The appeal of living in a senior living community cannot be denied. There, you can enjoy the company of others who share your interests and hobbies. You can eat meals together and do not have to worry about things like home repairs.
While moving to a senior living community might seem like the perfect time to stop worrying about all the little things, there is at least one thing you want to consider. You need to review your will.
Often when people move to a senior living community, they downsize from their previous home, condo or apartment. This can mean specific items and property listed in the will is not owned anymore.
If your will gives the total value of all your possessions and property to your children in equal shares, this will not pose an issue. But let’s say you have designated a specific item for your daughter and different one for your son. If the item for your son was sold when you downsized, you should consider revising your will to give a different item to him.
While reviewing your will, you also will want to consider where you lived when the will was written versus where you live now. The law that governs the interpretation of the will is dictated by which state you live in when you die. Many people move several times in their life, especially in retirement. You may want to review your will with a local attorney to be sure your wishes can be followed in your current state of residence.
Though not part of your will, there also are several things you can do to make your executor’s job easier. The executor in your will is the person responsible for carrying out your wishes after you die. Meet with this person to discuss your will and your wishes. During the meeting, you may even want to tell the executor where you keep lists of important information. This can include contact information for the beneficiaries listed in the will, financial and non-financial asset lists, important documents like Social Security cards and password lists for any accounts. It also is wise to include a list of professionals you use, such as your lawyer, accountant and financial planner.
Safe Deposit Box?
Many times, you may consider storing important information like this in a safe deposit box. You may even put your will in a safe deposit box before you move into a senior living community. Safe deposit boxes can be great for keeping important items free from theft, fire damage or loss through misplacement. But it is important to know that when a person dies, his or her safe deposit box will remain locked until a probate court order allows an executor or another person access it. Therefore, you should consider storing your will with your attorney, executor or somewhere else safe that will be readily accessible after your death. You also can put your executor’s name on the safe deposit box as an owner and give him or her a key to solve this issue.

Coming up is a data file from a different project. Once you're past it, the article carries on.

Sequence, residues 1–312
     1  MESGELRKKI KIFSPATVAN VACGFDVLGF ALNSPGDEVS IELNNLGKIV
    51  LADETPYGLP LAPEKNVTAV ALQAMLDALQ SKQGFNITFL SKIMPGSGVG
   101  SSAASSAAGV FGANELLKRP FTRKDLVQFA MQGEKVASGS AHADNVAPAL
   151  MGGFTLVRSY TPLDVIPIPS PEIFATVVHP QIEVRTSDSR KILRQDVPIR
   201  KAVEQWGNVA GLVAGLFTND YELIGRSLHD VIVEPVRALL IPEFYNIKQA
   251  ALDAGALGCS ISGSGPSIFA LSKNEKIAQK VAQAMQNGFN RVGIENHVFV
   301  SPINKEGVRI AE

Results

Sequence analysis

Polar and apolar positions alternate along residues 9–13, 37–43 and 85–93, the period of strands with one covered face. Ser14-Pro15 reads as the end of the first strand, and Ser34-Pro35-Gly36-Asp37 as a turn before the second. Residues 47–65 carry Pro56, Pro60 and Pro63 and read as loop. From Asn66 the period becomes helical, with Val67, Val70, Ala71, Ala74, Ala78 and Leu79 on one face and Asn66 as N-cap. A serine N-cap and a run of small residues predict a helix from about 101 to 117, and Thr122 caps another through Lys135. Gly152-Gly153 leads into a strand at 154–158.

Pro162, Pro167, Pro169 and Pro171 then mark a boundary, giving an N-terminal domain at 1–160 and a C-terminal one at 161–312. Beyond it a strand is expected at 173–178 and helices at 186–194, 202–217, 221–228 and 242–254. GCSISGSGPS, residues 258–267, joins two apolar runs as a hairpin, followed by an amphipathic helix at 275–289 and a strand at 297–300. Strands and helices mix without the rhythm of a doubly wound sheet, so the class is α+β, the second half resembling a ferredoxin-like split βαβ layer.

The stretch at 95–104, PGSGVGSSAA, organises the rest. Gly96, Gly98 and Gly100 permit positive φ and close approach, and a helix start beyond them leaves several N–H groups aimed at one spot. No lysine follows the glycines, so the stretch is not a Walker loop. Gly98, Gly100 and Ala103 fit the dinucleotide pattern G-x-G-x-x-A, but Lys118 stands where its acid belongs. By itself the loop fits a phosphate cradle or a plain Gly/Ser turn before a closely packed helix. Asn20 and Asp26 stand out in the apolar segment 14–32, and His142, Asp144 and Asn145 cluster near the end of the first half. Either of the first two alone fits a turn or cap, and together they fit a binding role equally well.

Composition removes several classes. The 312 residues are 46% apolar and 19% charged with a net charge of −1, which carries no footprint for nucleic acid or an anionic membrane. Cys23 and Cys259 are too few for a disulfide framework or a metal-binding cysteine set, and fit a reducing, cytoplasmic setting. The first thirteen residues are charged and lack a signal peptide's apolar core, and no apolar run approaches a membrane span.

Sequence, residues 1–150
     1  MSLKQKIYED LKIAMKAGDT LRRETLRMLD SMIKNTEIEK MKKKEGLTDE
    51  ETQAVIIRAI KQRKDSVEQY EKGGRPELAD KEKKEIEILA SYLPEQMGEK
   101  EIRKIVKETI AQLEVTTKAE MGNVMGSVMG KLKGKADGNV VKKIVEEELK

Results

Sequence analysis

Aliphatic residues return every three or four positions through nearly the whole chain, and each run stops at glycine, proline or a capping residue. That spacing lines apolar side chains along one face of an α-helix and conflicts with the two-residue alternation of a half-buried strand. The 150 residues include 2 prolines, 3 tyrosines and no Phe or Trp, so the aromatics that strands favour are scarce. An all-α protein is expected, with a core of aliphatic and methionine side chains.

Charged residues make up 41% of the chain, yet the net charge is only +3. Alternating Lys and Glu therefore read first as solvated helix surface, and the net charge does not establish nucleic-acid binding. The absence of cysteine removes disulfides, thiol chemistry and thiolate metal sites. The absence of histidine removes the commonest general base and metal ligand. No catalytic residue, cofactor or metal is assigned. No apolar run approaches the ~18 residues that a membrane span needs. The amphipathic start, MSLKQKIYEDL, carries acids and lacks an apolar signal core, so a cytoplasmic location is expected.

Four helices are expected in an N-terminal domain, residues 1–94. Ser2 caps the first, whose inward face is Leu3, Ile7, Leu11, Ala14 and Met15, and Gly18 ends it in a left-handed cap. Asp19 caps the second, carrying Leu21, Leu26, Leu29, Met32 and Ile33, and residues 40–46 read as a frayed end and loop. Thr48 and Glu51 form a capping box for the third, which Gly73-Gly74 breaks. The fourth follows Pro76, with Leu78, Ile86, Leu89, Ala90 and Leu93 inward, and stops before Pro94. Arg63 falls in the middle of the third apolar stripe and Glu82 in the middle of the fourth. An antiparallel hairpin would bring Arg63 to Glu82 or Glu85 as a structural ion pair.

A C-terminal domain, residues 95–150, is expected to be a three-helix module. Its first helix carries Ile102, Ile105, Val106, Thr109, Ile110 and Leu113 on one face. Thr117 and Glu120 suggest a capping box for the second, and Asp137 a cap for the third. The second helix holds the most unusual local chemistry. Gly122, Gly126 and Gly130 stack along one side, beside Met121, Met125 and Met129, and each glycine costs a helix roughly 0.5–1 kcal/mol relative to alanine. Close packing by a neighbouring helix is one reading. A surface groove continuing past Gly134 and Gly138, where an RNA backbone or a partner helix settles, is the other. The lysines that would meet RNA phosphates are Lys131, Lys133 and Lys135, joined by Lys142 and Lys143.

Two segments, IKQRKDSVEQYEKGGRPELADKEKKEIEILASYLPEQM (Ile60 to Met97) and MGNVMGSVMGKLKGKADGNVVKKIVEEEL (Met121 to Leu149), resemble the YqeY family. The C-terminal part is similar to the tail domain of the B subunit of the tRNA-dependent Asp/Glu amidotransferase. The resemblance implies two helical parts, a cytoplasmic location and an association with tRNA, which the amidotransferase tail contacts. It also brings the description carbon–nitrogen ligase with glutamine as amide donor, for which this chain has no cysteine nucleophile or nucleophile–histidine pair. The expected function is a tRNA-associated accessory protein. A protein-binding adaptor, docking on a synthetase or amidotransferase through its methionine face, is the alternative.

A will can contain all sorts of provisions and wishes. But you need to understand that wills are usually not accessed and read until after the funeral. So if you have provisions in your will regarding your funeral wishes, you should communicate these in another form.
Most people know, at least in a general sense, who will be in charge of planning their funeral. If you have specific requests, write them down and share the notes. You may even want to plan everything yourself with a local funeral director. Just be sure if you pre-pay for any services that you let your loved ones know so they do not pay for the same services elsewhere.
Similarly, if you wish to be an organ donor, you should tell any and all relevant parties when moving into a senior living community. This may need to be documented by signing a form, carrying a card or wearing a medical bracelet. Timing is usually very important to ensure a successful organ donation. If this wish is not discovered until the reading of your will, it is likely far too late.
Other documents to have in place.
Finally, when moving to a senior living community, the staff may ask if you have a living will or advance directive. This is not a traditional will. This is a document that answers questions regarding end-of-life decisions such as resuscitation, life support, etc. Through a living will or advance directive, you explain how you would like doctors to proceed if you are not well enough to tell them.
Keep in mind you also can choose to enact a durable healthcare power. This allows you to name a trusted individual to make the decisions regarding your care if you are unable to do so. Remember, though, that these documents expire at death and the will takes over as a guiding document at that point.
About the author: Patrick O’Brien is CEO and co-founder of executor.org, a free, online tool that helps executors manage their responsibilities and duties in this complex role. The tool includes a helpful step-by-step interactive guide for executors and invaluable tips on everything from planning a funeral and keeping beneficiaries happy to dealing with grief and managing estate assets.